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Reading Putts

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  • Reading Putts

    Hello I am wondering about reaing greens and factors that play a key roll in putts moving certain ways. How do the pros seem to read greens with such ease, in which majority of their putts have a chance of going in? I have a good putting stroke and it has held up under pressure in tournaments so I feel like it is not the problem for me. I just don't read alot of putts correct. Any help would be greatly appreciated. Thanks!!!!!

  • #2
    Re: Reading Putts

    Imagine filling the cup with water. Imagine which way the water will flow when the cup gets full. Thats where the put breaks towards. Your task is to putt to the high side of where the putt breaks to because gravity will pull the ball back towards the hole.
    After doing this for a while you will know how to gauge whether you should aim one, two or more (imaginary) cups to the high side.
    Thats the simple method. The advanced method is to break the actual path into chunks. So if you have a long putt, break it into three and imagine the path your ball should go on the last chunk to achieve the point above


    • #3
      Re: Reading Putts

      Such a nice idea.


      • #4
        Re: Reading Putts

        Unfortunately, part of it is experience.

        Another part of it is grass - bermuda greens are really grainy, and can alter the "cup of water" theory as the grain will effect the ball.

        But I'd start with the cup of water theory first. Also, as you walk up to the green, take a look at the entire green - where's the high part? Any obvious humps? These will tell you a lot.

        My final advice is to trust your brain. Stand behind your ball so that you can see your ball and the hole. Take a 3 second read just staring blankly at the hole and your ball. Then step up and putt comfortably.

        Or you could just start putting while looking at the hole.


        • #5
          Re: Reading Putts

          My 5 cents into this:

          1) imagine the whole path of the ball in your brain with the actual speed of the put, e.g. "see" the invisible ball rolling on the green, breaking sideways, crossing the heights and ending up into the cup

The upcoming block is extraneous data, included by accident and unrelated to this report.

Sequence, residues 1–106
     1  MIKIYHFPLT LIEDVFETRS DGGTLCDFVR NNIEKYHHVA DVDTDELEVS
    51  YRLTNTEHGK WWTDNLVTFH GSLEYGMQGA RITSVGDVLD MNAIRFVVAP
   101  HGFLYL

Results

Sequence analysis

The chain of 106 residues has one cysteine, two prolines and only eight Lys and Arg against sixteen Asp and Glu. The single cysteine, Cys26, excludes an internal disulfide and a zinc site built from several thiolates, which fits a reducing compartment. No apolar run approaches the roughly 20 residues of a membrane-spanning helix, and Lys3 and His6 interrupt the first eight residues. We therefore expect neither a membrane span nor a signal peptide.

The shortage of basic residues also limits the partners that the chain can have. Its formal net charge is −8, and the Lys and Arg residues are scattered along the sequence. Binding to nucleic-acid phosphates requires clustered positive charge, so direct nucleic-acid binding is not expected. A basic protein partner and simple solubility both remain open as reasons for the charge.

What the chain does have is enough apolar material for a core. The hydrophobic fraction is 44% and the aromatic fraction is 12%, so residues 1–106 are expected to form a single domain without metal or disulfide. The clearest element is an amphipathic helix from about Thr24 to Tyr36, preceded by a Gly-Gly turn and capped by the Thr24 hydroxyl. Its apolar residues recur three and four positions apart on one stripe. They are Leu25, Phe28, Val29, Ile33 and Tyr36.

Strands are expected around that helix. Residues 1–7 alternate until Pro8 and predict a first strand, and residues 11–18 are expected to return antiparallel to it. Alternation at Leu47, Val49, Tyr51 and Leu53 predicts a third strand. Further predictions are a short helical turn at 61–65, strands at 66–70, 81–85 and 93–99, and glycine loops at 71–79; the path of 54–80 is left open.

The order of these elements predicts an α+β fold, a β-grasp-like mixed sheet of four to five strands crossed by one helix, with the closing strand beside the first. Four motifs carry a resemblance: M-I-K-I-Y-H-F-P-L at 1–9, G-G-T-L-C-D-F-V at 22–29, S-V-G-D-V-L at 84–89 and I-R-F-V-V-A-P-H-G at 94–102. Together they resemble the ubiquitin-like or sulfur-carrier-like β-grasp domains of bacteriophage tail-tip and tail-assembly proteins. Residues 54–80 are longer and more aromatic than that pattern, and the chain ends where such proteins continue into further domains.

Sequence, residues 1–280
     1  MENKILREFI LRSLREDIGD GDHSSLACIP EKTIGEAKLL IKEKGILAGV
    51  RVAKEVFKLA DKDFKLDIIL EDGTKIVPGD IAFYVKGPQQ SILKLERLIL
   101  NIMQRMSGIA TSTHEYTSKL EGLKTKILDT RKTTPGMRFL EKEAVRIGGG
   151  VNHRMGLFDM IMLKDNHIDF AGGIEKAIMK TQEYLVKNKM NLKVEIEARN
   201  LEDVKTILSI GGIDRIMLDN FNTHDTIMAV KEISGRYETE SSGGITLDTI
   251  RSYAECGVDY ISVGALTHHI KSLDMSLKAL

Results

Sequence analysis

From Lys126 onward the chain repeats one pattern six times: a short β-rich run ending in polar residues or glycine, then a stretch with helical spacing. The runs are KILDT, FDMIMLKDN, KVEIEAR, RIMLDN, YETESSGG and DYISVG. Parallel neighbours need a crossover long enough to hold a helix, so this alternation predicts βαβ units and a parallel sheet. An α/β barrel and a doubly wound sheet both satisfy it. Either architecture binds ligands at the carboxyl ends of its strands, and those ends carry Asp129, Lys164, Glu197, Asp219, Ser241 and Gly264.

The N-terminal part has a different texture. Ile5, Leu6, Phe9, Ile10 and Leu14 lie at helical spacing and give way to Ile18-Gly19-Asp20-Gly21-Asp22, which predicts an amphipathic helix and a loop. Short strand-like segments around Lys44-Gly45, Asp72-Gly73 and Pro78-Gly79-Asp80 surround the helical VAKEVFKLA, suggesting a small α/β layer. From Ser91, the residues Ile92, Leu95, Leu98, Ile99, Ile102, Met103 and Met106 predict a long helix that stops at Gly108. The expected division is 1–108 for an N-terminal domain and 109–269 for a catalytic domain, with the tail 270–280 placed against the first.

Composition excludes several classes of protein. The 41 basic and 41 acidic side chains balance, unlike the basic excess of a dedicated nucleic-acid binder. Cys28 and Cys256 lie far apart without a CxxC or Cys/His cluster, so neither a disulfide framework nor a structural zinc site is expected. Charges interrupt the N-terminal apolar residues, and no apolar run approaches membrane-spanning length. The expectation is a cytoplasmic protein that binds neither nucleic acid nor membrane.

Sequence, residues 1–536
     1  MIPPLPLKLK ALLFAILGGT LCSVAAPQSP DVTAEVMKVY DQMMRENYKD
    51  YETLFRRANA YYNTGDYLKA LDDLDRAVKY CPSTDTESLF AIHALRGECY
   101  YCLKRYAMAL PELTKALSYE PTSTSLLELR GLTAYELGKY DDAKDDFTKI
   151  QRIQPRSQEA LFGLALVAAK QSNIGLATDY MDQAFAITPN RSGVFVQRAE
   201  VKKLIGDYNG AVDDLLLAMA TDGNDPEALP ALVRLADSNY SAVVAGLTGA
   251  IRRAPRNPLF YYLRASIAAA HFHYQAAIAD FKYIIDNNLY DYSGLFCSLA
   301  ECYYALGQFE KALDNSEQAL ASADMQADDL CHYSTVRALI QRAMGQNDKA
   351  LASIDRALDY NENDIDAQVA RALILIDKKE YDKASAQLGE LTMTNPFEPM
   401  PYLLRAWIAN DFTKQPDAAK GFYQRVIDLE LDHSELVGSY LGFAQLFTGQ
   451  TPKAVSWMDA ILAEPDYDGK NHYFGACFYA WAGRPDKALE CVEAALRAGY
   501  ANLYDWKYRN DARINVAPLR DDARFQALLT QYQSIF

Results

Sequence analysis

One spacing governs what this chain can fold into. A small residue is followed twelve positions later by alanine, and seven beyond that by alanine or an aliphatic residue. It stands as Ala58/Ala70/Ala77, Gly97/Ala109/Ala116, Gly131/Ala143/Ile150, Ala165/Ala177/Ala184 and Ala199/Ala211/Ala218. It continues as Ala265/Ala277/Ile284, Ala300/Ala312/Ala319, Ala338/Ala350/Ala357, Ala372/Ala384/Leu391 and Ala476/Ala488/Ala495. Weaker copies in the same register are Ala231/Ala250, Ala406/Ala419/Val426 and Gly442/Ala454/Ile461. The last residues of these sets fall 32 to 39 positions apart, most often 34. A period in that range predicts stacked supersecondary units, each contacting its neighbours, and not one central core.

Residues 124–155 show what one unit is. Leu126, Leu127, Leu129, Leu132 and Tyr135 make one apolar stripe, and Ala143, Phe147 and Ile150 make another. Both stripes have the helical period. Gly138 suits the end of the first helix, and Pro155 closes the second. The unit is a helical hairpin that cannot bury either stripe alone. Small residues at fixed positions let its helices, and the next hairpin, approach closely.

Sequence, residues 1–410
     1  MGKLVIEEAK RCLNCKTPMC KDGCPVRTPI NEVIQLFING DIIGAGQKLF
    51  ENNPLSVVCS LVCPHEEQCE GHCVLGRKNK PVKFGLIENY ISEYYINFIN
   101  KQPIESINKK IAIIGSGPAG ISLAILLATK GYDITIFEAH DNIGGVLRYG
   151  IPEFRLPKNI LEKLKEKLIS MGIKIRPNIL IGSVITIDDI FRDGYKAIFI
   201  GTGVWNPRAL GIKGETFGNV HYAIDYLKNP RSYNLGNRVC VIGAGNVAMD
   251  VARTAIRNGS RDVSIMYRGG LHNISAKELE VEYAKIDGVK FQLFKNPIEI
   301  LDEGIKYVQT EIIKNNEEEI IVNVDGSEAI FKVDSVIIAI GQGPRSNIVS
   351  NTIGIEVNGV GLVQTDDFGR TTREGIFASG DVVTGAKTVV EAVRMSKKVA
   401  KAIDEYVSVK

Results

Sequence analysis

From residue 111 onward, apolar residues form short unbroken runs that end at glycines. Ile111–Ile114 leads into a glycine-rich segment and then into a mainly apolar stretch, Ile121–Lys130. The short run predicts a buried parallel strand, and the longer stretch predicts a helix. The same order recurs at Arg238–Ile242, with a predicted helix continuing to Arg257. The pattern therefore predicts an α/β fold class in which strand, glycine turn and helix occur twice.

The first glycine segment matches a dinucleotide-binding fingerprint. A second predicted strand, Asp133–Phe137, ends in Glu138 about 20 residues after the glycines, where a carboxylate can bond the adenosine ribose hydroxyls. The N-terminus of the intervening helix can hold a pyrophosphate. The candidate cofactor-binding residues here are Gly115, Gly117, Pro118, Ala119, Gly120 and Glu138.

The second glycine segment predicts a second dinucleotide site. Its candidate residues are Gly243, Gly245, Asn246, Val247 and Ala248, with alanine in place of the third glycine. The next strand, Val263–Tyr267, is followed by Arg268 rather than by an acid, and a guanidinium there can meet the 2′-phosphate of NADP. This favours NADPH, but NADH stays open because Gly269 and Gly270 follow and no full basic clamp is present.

2) do the same backwards in time: imagine piece by piece where the ball must be coming in order for it to end up into the cup, consider also the speed of the ball

          3) check in your mind the consistency of the path for each higher point (where the speed is slowest) and each side slide where the break is largest, remember the speed

          4) practise a lot on different greens and with different distances, that will teach your cerebellum how the ball behaves on different surfaces and with different speeds; I keep on repeating a put as long as it takes to get it into the cup: the cerebellum will remember the last successful put and learn

          5) trust your brain, the cerebellum is a miraculous device for all kinds of movements

          For me it is typically more difficult to estimate the speed. For a complex enough path the speed must be exactly correct. Lot of exercise helps even with speed.

          Lot of practise will also help to execute the put in exactly the way you imagined it. If you make a 1% mistake in the execution (speed or direction), your ball will end outside the cup on any longer distance put, whether direct or more complex.

          Putting is 40% of golf. How many of us can honestly say putting is 40% of their exercises?

          PS. My apologies for any bad English ...